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First described from western Kansas, USA, the western corn rootworm, Diabrotica virgifera virgifera, is one of the worst pests of maize. The species is generally thought to be of Mexican origin and to have incidentally followed the expansion of maize cultivation into North America thousands of years ago. However, this hypothesis has never been investigated formally. In this study, the genetic variability of samples collected throughout North America was analysed at 13 microsatellite marker loci to explore precisely the population genetic structure and colonization history of D. v. virgifera. In particular, we used up-to-date approximate Bayesian computation methods based on random forest algorithms to test a Mexican versus a central-USA origin of the species, and to compare various possible timings of colonization. This analysis provided strong evidence that the origin of D. v. virgifera was southern (Mexico, or even further south). Surprisingly, we also found that the expansion of the species north of its origin was recent—probably not before 1100 years ago—thus indicating it was not directly associated with the early history of maize expansion out of Mexico, a far more ancient event.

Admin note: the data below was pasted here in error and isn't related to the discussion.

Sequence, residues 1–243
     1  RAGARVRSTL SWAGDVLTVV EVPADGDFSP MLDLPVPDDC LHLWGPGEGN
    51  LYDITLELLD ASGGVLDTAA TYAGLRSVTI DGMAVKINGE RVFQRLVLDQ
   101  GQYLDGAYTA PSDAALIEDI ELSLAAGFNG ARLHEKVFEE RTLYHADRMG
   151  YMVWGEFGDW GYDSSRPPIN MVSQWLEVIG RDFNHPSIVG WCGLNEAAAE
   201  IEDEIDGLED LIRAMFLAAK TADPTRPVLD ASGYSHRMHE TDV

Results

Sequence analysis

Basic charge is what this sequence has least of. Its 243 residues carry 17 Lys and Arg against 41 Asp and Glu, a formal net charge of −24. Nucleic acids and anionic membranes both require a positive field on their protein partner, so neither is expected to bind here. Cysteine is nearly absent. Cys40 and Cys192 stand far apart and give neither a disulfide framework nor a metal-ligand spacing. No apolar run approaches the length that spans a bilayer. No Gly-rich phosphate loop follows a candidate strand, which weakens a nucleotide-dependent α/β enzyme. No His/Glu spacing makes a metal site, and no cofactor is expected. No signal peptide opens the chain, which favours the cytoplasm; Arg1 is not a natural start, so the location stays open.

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Lombaert, Eric; Ciosi, Marc; Miller, Nicholas J.; Sappington, Thomas W.; Blin, Aurélie; and Guillemaud, Thomas, "Colonization history of the western corn rootworm (Diabrotica virgifera virgifera) in North America: insights from random forest ABC using microsatellite data" (2018). Entomology Publications. 467.